Meili announces commitment to geothermal power if elected Premier

Opposition Leader Ryan Meili took his campaign to the front of the SaskPower building in Regina Thursday morning to promise that an NDP government would work with the Crown Corporation on developing geothermal power.

Meili says he realizes the Sask Party government has already made promises on this file, but there has been no action thus far.

“They’ve been floating SMR technology, which we know won’t be ready for 15 or 20 years, in the mean time they’ve killed the solar industry in the province when they ended net metering,” Meili said. “They’re missing all of the opportunities that are available to us.”

Meili says the potential of geothermal energy excites him.

“There’s incredible opportunities in solar and wind, but we know that’s intermittent,” Meili said. “Geothermal power is always there, it’s dispatchable, and with the new technologies, it’s scaleable to start to play a major role in our baseload power.”

Meili says this would also help workers currently struggling in the energy sector.

“Estevan, also the (province’s) northwest-Lloydminster area, those seem to be the best opportunities for us, which are also the places that have been hardest hit by the loss in jobs in oil and gas, and loss in jobs in coal.”

Meili also announced a platform commitment of 50 percent renewable electricity by 2030, with a target of 100 per cent emissions-free electricity by 2050.

Emissions reductions a priority for government

Environment Minister Dustin Duncan suggested to reporters on Thursday afternoon at the Saskatchewan legislature that the Sask. Party government has put a significant priority on emissions reductions.

Duncan pointed to the government’s efforts to lower greenhouse gas emissions including their goal of a 40 per cent reduction by 2030, one he said they are on track to exceed. But overall, he’s satisfied with the amount of work his government has put into green energy in the province.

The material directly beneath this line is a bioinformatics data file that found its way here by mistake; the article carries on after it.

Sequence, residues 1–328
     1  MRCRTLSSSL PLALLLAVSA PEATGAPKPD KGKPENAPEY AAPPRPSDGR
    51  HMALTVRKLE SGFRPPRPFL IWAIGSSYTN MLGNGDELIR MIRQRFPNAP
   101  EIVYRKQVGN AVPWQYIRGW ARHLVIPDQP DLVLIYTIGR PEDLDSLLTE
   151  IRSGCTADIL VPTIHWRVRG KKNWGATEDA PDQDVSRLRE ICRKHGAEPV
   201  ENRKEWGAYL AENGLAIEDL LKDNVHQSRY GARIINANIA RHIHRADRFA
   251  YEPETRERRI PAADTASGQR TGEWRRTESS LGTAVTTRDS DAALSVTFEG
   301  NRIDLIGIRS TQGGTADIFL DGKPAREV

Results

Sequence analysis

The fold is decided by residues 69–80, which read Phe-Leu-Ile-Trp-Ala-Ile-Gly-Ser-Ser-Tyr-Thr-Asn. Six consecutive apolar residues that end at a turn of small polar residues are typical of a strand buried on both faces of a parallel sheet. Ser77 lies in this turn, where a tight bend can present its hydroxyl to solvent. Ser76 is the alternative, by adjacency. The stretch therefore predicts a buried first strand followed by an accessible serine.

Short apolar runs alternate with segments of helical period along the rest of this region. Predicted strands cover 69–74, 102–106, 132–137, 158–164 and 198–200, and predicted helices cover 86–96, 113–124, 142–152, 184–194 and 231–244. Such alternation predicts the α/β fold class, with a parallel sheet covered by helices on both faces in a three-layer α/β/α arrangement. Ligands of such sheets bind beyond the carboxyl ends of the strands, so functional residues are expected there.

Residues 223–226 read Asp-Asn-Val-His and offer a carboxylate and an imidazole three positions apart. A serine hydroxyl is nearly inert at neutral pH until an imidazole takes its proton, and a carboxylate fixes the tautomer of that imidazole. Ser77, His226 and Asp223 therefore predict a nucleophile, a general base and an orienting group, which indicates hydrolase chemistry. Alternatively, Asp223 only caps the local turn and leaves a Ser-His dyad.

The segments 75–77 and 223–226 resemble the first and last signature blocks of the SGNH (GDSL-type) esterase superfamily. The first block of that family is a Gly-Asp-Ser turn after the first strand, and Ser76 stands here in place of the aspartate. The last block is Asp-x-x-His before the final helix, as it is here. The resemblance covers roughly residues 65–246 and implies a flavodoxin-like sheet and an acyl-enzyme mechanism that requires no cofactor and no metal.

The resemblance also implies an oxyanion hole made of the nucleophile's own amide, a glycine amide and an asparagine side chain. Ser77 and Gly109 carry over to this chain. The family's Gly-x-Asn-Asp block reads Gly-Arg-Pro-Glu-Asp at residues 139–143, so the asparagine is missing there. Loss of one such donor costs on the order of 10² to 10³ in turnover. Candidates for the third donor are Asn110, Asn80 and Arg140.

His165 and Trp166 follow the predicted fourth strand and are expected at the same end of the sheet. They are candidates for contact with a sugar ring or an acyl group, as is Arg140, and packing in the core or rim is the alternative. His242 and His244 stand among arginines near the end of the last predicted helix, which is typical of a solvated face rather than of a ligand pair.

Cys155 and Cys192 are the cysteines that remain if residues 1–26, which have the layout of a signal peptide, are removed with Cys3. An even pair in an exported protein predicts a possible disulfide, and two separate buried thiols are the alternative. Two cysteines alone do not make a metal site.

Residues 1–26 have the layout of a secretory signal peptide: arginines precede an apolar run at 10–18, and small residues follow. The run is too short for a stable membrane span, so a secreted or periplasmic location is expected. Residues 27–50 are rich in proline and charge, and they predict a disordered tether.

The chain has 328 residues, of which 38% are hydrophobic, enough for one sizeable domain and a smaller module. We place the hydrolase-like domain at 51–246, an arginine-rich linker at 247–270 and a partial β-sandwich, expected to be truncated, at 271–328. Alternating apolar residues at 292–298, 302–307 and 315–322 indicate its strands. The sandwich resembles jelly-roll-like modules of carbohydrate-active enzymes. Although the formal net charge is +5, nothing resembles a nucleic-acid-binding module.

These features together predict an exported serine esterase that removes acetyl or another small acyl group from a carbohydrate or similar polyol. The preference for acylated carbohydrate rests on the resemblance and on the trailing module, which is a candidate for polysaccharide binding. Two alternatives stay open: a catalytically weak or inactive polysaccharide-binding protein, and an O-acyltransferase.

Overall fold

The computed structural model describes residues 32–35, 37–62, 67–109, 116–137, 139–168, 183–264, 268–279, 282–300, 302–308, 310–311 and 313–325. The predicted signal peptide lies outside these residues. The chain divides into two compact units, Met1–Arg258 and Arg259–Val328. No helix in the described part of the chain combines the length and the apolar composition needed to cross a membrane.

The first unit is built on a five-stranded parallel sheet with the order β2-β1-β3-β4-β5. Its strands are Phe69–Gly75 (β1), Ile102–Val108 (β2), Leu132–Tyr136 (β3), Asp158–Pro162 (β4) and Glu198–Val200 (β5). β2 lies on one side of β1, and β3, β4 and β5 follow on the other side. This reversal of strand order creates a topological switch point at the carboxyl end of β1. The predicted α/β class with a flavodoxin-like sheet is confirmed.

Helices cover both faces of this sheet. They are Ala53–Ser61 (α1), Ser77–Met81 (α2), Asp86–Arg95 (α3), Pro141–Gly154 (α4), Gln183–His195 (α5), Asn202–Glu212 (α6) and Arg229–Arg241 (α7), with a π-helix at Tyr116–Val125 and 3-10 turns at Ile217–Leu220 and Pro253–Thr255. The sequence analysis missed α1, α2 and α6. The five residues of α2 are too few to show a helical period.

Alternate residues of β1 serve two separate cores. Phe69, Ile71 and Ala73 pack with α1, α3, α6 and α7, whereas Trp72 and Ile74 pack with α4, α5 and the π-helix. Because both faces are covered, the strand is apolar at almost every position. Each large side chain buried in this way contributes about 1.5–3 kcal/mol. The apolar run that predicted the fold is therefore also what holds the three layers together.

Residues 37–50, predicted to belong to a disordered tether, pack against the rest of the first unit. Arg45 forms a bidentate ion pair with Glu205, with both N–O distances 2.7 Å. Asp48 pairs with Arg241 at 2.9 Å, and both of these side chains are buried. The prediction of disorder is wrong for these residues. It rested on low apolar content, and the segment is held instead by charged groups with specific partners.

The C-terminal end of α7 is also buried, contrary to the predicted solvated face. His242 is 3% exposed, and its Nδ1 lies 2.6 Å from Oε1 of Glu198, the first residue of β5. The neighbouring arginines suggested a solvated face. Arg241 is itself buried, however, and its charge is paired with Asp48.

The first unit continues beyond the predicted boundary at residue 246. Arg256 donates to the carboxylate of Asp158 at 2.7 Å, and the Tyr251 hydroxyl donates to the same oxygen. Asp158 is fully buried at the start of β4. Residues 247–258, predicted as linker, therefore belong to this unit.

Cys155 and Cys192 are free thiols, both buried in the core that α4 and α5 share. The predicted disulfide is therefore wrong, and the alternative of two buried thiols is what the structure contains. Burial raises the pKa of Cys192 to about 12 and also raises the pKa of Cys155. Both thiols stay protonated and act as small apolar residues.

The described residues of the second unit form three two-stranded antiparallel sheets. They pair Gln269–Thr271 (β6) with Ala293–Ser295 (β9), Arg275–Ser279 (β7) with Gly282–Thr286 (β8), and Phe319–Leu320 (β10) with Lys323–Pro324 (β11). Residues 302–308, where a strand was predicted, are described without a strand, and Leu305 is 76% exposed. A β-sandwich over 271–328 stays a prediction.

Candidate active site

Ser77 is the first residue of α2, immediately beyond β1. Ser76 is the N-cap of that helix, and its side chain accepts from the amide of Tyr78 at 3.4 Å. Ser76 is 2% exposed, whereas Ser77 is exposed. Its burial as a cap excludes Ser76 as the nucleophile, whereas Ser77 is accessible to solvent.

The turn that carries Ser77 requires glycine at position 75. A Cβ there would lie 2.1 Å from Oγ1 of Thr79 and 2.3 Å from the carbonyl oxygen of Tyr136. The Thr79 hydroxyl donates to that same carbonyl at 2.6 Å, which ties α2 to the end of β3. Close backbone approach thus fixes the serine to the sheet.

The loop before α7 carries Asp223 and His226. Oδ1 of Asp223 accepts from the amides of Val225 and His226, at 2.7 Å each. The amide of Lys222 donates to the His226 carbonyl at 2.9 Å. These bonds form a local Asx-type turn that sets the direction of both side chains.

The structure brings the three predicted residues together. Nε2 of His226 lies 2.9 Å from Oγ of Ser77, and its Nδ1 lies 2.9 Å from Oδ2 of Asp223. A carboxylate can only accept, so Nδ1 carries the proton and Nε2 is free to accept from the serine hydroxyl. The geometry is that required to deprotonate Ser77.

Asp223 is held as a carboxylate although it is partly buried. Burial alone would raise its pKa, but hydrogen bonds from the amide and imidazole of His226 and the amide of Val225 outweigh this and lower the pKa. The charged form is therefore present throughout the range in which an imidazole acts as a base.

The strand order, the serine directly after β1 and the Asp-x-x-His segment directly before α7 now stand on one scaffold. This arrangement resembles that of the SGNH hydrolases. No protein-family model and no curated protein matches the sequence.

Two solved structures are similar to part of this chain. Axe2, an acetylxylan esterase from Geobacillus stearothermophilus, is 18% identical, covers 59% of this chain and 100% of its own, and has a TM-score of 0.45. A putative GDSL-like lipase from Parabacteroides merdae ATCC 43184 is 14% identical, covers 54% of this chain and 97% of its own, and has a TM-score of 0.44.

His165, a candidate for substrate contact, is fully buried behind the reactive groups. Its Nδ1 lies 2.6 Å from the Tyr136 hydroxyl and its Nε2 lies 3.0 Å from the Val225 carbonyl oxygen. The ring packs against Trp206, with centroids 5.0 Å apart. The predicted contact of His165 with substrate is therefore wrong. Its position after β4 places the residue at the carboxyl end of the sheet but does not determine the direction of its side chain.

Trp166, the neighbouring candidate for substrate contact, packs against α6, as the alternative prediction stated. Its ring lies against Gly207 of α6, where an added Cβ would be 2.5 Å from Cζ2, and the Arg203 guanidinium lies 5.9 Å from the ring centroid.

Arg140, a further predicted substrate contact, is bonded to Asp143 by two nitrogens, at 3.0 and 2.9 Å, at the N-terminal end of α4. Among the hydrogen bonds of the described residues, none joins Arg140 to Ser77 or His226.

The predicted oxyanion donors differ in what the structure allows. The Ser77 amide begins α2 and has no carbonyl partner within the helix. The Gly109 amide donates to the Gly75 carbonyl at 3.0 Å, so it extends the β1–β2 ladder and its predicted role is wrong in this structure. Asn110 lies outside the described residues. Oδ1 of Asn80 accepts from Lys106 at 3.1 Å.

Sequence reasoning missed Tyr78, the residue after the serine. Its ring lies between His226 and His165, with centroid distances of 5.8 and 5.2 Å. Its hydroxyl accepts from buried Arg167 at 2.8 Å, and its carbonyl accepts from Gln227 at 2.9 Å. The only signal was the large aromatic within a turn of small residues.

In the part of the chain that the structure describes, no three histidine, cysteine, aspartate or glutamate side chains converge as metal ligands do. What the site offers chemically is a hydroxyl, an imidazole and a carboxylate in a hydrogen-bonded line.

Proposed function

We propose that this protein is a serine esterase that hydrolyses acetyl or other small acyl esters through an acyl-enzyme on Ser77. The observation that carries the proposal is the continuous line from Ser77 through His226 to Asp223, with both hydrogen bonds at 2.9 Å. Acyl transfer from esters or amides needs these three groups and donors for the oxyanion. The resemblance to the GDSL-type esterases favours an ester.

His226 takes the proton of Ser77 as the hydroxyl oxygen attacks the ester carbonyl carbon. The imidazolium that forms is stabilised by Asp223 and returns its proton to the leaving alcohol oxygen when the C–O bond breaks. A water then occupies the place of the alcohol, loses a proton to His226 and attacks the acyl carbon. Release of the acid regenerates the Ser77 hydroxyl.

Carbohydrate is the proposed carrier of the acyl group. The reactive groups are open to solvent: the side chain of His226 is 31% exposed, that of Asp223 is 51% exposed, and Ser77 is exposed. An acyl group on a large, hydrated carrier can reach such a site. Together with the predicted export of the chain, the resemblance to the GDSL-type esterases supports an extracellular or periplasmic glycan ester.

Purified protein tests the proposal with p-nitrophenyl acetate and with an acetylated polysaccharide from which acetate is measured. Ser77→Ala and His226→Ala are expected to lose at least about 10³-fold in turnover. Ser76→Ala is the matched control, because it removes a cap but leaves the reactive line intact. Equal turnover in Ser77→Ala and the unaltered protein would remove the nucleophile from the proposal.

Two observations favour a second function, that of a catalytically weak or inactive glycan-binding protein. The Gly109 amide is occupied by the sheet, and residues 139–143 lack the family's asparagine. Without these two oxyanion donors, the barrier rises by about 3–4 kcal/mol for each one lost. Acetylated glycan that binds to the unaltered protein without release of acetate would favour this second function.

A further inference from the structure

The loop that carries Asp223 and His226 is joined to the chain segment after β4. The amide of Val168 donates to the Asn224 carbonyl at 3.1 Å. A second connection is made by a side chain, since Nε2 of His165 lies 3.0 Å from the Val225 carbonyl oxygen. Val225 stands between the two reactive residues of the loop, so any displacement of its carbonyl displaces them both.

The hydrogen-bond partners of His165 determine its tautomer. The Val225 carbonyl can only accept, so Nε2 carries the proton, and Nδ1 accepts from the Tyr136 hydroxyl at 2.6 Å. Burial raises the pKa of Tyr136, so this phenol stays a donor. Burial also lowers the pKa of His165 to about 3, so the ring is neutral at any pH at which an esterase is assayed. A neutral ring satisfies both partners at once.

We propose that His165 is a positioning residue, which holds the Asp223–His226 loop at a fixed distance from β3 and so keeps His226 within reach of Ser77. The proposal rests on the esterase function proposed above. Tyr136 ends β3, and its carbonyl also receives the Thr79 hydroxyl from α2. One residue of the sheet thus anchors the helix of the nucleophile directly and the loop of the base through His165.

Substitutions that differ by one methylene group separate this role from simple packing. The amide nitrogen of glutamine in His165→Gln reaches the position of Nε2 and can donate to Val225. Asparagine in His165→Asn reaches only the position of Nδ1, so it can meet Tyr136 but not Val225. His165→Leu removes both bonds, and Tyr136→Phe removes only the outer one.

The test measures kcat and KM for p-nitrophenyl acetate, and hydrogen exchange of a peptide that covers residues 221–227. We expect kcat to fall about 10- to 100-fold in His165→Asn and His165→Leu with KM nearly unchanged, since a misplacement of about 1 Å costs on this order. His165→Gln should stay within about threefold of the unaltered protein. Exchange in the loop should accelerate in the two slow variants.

“What people are going to see will be a continuation from what they have already seen from this government in terms of looking towards implementing technology that will see real reductions in our emissions rather than a lot of the conversations we’ve had with the federal government,” explained the minister. “We focus more on technology rather than taxes.”

Duncan said the other thing residents are looking for is affordability, which he said people will see with his government, too.

Responding to the opposition’s plan of 100 per cent emissions-free electricity 30 years from now, Duncan said all available options to reduce emissions need to be reviewed.

“It’s early and it’s a high-cost technology, so I don’t at this point see it as a replacement for baseload power that we will likely have to retire over the next decade or less,” discussed Duncan. “I think it’s part of the mix, but it’s certainly not a large-scale replacement for baseload in the near future.”

He added there will be great strides in technology that will see significant reductions by 2050, but notes that 2050 is a long ways away.

(With files from Moises Canales)

More from 620 CKRM